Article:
Tracking My Tremor

I’m working on a Tremor Tracking project for the “Keating Memorial Self Research” activity in Open Humans. I’ve had this project going since last year, with many stops and starts, and I’m hoping to make some good progress in the next weeks and months. It would be great to have some companionship in exploring this specific topic. Essential tremor is one of the most common neurological conditions among adults. A common way to see your tremor is to balance a sheet of paper on your open palm, and see if it is clearly shaking. A more quantitative measurement can be obtained using the accelerometer on your phone and some analysis available in Open Humans. (You can see from the screen grab below that my tremor frequency is between 7-8 Hz.)

I don’t want to get into too much crazy detail here yet, since my goal is just to describe my topic and see if I can inspire others to join me. There is a personal tremor tracking log going back to June 2019 posted already on the QS Forum. I’ll be starting fresh here, but making use of what I’ve learned already and glad to support others who want to join.

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Since essential tremor is common, have you tried finding someone else with it to try doing this too?

I know using the physics sensor tools is a bit geek niche thing, but with a common condition it seems like surely there’s someone else out there interested in giving it a try. :smiley: It seems like it should be measurable in that data, somehow – there should be a way to measure “tremoryness” for folks!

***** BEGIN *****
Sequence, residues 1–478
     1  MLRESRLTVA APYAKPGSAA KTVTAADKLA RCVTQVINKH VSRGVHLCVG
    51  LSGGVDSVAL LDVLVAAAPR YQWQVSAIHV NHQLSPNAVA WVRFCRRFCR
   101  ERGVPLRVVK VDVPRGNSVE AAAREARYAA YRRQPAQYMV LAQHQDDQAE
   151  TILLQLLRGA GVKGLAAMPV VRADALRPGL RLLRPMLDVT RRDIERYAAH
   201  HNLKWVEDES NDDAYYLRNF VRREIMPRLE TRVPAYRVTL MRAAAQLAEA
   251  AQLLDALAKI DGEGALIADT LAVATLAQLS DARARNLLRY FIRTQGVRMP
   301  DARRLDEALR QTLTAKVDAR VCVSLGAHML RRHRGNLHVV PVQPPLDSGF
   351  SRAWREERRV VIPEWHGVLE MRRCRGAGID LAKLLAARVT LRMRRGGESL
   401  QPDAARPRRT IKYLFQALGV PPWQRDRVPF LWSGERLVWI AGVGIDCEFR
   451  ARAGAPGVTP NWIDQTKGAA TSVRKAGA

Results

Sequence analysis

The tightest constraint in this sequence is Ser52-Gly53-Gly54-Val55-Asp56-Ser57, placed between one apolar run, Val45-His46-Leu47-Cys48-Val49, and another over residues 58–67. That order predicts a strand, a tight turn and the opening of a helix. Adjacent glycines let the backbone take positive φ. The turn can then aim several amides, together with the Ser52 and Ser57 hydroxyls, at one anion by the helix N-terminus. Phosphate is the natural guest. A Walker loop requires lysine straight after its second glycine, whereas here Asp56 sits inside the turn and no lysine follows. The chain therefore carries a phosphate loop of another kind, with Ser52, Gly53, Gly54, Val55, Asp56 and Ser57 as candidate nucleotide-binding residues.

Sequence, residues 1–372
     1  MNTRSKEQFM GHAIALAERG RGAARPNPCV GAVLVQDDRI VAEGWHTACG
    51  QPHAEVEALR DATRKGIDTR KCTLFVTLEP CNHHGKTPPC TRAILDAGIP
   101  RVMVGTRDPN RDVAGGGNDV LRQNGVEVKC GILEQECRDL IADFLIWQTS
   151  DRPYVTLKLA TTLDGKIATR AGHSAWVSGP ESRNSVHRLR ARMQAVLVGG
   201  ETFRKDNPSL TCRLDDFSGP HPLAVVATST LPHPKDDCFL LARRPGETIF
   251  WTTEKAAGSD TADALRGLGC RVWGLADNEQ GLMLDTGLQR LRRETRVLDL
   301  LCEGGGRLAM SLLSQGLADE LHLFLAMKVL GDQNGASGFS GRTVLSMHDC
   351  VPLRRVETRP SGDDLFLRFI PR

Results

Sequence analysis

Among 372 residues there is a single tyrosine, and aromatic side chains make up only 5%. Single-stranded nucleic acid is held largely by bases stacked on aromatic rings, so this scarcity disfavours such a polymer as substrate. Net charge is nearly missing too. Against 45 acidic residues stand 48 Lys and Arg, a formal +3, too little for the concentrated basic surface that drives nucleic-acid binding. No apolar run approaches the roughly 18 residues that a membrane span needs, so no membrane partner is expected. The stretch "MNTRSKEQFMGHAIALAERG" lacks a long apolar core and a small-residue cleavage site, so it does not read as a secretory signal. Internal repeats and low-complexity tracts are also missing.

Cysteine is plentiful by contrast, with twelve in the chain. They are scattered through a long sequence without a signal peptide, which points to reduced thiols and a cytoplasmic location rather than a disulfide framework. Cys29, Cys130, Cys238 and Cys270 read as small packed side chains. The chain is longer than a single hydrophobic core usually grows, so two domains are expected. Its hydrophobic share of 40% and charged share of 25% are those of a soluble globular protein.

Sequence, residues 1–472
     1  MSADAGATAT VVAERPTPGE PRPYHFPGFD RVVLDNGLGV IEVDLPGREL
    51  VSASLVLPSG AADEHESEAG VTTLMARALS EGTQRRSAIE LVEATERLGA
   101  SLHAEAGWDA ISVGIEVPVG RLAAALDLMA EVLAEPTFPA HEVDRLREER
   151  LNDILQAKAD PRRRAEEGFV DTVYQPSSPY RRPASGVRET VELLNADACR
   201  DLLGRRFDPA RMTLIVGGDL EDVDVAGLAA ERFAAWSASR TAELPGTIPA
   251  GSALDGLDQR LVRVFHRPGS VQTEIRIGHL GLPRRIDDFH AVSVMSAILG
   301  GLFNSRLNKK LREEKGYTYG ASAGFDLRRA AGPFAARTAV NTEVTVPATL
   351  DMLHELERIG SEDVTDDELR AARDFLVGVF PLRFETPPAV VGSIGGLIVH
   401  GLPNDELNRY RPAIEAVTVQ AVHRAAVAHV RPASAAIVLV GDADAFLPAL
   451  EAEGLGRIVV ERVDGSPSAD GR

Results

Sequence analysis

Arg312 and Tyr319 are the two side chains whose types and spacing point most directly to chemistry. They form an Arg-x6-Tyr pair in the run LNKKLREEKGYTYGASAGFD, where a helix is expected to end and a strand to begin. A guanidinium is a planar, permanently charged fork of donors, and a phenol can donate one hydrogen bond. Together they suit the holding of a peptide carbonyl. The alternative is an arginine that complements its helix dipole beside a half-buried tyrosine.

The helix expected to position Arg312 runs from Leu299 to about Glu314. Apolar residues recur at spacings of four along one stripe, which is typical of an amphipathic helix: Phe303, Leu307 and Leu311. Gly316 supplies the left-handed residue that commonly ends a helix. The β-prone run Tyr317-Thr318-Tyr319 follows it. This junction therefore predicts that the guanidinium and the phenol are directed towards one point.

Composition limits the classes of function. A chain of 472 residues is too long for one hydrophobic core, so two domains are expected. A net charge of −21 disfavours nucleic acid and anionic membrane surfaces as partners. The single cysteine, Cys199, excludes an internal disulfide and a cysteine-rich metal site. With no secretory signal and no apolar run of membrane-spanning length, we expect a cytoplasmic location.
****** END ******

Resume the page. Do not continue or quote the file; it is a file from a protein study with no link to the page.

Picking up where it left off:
I just come back from meeting the folks at the MakerLab at my institute. One of them is currently working on developing an open hardware device for tremor tracking based on the Movuino board. He’s currently beta-testing with patients with MS & Parkinson’s, but there’s nothing to be shared at this point I think.

Having said that: he recommended checking out PowerSense, which is an iPhone/Apple Watch app that allows to record the raw accelerometer data right from the Apple Watch. If you have an Apple Watch, this might be easier than doing the balancing of the phone?

Thank you @gedankenstuecke - I have an Apple Watch that I haven’t been using but I’ll take a look at PowerSense. The main challenge I’m having with my sensor-based measurement protocol right now is not with the action of making the measurement, which I’ve gotten pretty good at, but with doubts about how to turn the measurement into a meaningful tremor score. In other words: How do I calibrate the measurement? I can see that it is generally higher when I’m more tremory, and lower when I’m less tremory, so I’m sure it’s measuring my tremor. But beyond this very rough plausibility, I’m not sure it’s adding very much to my subjective measure, which I’m recording with the 1 Button instrument. I think a sensor based system would give me better resolution – but I haven’t gotten there yet.

That makes total sense. I think the combination of sensor-based measurement and the one-button qualitative recording might be really interesting for figuring out how to make use of the data? E.g. comparing sensor data recorded when subjectively feeling like it’s bad to random spot measurements?

Yes, I like that. I am gearing myself up for another 3 day “intensive measurement” phase.